A group is formed, another closes its doors

That’s also part of the life and history of a Federation! It’s about departures and arrivals, new sparks of Church life and books being closed filled with shared memories.

The group we’re saying “goodbye” to today is 7-tov from Nivelles. The history of the Nivelles church dates back to 1924, just over 100 years ago, with the first settlements in the area. The church was officially organized in 1930 under the leadership of Charles Gerbert.  The longest-serving pastor in Nivelles was Léon Liénard in the ’60s, ’70s and ’80s, with a further two years from 1994 to 1995. Another prominent figure was Remy Durieux, whose monumental pulpit was a symbol of a church that was solid but sometimes lacking some versatility.

In 2011, under the impetus of Jean Vandenberg and Luc Delameillieure, this need for renewal took shape with the creation of the ‘7-tov’ project. The emphasis is on openness, dynamism, conviviality, participation and worship. And it’s good to be back in a caring, vibrant church life. Sabbaths and activities follow one another… Ten years later, even if the project remains valid, it’s the lack of human resources that has posed a problem and brought the group to ask for its dissolution.

After a century of existence, we’ll miss the Nivelles church, but we hope that one day it will rise from its ashes.


In January 2023, the foundation was set for another project: the establishment of a new Portuguese-language church in the Brussels region. One year on, the results are more than encouraging.  Let’s take a look at the stages in its evolution.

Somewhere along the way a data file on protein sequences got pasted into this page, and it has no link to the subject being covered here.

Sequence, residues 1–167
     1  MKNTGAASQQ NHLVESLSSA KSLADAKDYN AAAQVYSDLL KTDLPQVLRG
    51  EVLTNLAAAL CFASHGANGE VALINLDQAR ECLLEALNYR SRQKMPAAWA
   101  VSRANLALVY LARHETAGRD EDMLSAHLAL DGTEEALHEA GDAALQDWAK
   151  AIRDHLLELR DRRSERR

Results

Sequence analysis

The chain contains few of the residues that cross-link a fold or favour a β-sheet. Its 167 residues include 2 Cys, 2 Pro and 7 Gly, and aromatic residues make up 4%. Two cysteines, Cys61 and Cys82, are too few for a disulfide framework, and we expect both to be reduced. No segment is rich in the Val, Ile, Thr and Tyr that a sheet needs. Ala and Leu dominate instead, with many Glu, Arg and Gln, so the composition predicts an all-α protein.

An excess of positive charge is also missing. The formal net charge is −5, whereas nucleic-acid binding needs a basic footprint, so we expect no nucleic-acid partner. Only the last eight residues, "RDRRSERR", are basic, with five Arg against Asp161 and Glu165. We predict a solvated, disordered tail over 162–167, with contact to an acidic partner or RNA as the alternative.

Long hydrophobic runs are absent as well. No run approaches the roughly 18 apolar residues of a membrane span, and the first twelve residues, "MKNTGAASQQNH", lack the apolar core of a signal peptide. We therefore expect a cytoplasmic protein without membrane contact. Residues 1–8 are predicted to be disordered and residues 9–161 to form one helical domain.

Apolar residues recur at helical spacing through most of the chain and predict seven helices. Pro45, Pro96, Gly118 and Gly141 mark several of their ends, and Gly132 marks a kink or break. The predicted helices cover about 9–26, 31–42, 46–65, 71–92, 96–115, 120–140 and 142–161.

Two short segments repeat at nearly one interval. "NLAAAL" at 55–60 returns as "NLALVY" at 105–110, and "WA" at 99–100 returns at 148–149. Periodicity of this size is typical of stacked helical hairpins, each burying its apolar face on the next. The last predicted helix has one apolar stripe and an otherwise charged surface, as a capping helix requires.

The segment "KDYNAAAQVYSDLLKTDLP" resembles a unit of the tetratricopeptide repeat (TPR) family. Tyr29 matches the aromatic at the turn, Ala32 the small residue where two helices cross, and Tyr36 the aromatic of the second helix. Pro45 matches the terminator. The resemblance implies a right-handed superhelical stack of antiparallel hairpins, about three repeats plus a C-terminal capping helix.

Addressing our contemporaries living in a predominantly secular society is not something you can improvise. That’s why some of our pastors have taken the training provided by the “Global Mission Center for secular and post-christian mission” to understand how to reach out to these people, but also, and above all, to understand what not to do!

Following this training, Ricardo and Michelle Pereira and a dozen other Portuguese-speaking members prayed, reflected, exchanged ideas and worked on the Nosso Refugio (Our Refuge) project. The aim is to focus primarily on the needs and expectations of visitors. The church is therefore not turned inwards, but outwards, towards all those people who need to meet their Creator, feel the warmth of fraternal love, break their solitude and be accepted into a caring family. In turn, these people discover and use their talents by committing themselves for the good of all.

In the morning, the group gathers for a time of Bible study and a worship service, but with a special focus on mission. In the late afternoon, members and visitors are welcomed for an hour-and-a-quarter program including a time of worship, a moment of prayer and a biblical message.  Each visitor receives special, tailored attention. The vocabulary chosen is miles away from Canaan dialect, the music is dynamic, the dress code makes visitors feel comfortable.

After more than 70 programs, average attendance is between 40 and 50 people per Sabbath, half of whom are not, or no longer, Adventists or Christians. For those who wish to study a passage or theme in greater depth, an evening Bible study is organized during the week. The same goes for those who wish to share a moment of prayer.

In the coming months and years, our aim is to carry out the same experiment in other languages, starting with English.

May God bless all these people who are finally discovering that He is the True Refuge.

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